When Tamil Brahmin priest Ramachandran received an invitation to work in a temple in Ayodhya, his first thought was to say no. His priority was elsewhere—to wrest his temple in Tamil Nadu away from the state government’s control.

And Ramachandran isn’t alone who thinks the state is out to loot Tamil temples of their land, jewels, and rightful earnings —his grouse is now part of the new temple freedom movement that has been bubbling in Tamil Nadu, Karnataka, Uttarakhand, Odisha, Telangana, Andhra Pradesh, and West Bengal. The epicentre, though, is Tamil Nadu where a long and arduous fight is being fought in the courts by T R Ramesh President of Temple Worshippers Society (@trramesh) for two decades.

The priest, Ramachandran is adamant that the government is out to ridicule and humiliate Hindus. “They do not care about our pain.” One recent example is of Karnataka CM Siddaramaiah passing the Hindu Religious Institutions and Charitable Endowment (Amendment) Bill, which mandates the government to collect 10 per cent tax from temples with revenue over Rs 1 crore. 

The state is home to over 46,000 temples, including some of the oldest and most sacred temples in the country. Other states in India look to Tamil Nadu and its 1959 Hindu Religious & Charitable Endowments (HR&CE) Act as a blueprint for temple administration, but many see the government’s role as direct interference with Hinduism.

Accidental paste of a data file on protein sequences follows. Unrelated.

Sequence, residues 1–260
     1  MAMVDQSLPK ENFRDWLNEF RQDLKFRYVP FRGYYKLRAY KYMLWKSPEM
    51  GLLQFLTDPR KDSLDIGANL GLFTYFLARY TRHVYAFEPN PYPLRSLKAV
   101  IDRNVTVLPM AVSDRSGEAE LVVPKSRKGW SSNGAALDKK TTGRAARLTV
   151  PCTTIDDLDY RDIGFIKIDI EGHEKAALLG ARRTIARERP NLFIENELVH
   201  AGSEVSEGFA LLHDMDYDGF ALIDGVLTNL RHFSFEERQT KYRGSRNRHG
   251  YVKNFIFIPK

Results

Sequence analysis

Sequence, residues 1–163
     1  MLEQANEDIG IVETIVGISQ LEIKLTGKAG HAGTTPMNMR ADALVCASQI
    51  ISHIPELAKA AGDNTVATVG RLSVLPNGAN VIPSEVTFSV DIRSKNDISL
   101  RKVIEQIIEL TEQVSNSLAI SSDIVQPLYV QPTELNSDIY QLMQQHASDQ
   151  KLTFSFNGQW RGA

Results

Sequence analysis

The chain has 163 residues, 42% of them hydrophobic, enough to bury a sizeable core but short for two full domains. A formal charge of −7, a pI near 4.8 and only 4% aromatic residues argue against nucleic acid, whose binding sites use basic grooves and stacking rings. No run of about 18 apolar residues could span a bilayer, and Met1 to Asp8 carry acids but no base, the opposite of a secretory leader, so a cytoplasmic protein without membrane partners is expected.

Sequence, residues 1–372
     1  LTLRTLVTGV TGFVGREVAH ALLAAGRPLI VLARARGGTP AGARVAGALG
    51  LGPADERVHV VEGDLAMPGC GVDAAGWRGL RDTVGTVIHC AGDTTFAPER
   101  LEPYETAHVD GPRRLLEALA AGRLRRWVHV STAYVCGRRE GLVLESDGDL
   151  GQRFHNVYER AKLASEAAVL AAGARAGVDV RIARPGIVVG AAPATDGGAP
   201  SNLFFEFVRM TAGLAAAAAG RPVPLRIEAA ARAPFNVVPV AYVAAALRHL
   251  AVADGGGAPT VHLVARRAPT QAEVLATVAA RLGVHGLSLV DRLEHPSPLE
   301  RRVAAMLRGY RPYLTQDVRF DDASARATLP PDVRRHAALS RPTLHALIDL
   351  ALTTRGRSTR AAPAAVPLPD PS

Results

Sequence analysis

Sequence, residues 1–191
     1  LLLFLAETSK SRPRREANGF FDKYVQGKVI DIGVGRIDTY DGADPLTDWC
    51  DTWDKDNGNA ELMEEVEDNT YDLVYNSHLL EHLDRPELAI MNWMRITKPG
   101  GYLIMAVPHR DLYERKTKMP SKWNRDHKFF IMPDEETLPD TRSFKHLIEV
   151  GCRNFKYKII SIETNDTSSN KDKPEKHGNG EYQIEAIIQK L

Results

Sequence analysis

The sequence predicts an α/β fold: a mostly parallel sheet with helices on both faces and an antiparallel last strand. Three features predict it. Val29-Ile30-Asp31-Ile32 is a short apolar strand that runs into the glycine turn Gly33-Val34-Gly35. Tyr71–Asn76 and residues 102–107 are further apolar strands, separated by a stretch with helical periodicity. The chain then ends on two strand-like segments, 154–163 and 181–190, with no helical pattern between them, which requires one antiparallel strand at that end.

The ‘Maha Kumbhabhishekam’ ritual was performed with great religious fervour at the Bhramaramba Sametha Sri Mallikarjuna Swamy temple in Srisailam on Wednesday.

The consecration ritual, which began on February 16 where pontiffs from various Peethams and Mutts (monasteries), such as Kanchi Kamakoti Mutt pontiff Sri Vijayendra Saraswathi, Srisaila Jagadguru Peetham pontiff Sri Chenna Siddharama Panditaradhya Sivacharya, Pushpagiri Peetham pontiff Sri Vidyashankara Bharathi, and Kashi Peetham pontiff Sri Mallikarjuna Viswaradhya Sivacharya participated.

The consecration was necessitated by the renovation of Sivaji Gopuram, several sub-shrines, three of the five ‘Pancha Mutts’ and the installation of Sivalinga and Nandi deities in the temple complex.

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We welcome your feedback and suggestions on our global media report covering Hindu heritage and the challenges faced by Hindus worldwide. Your insights are invaluable in fostering greater understanding and awareness. Please share your thoughts on our email and let us continue this important conversation together.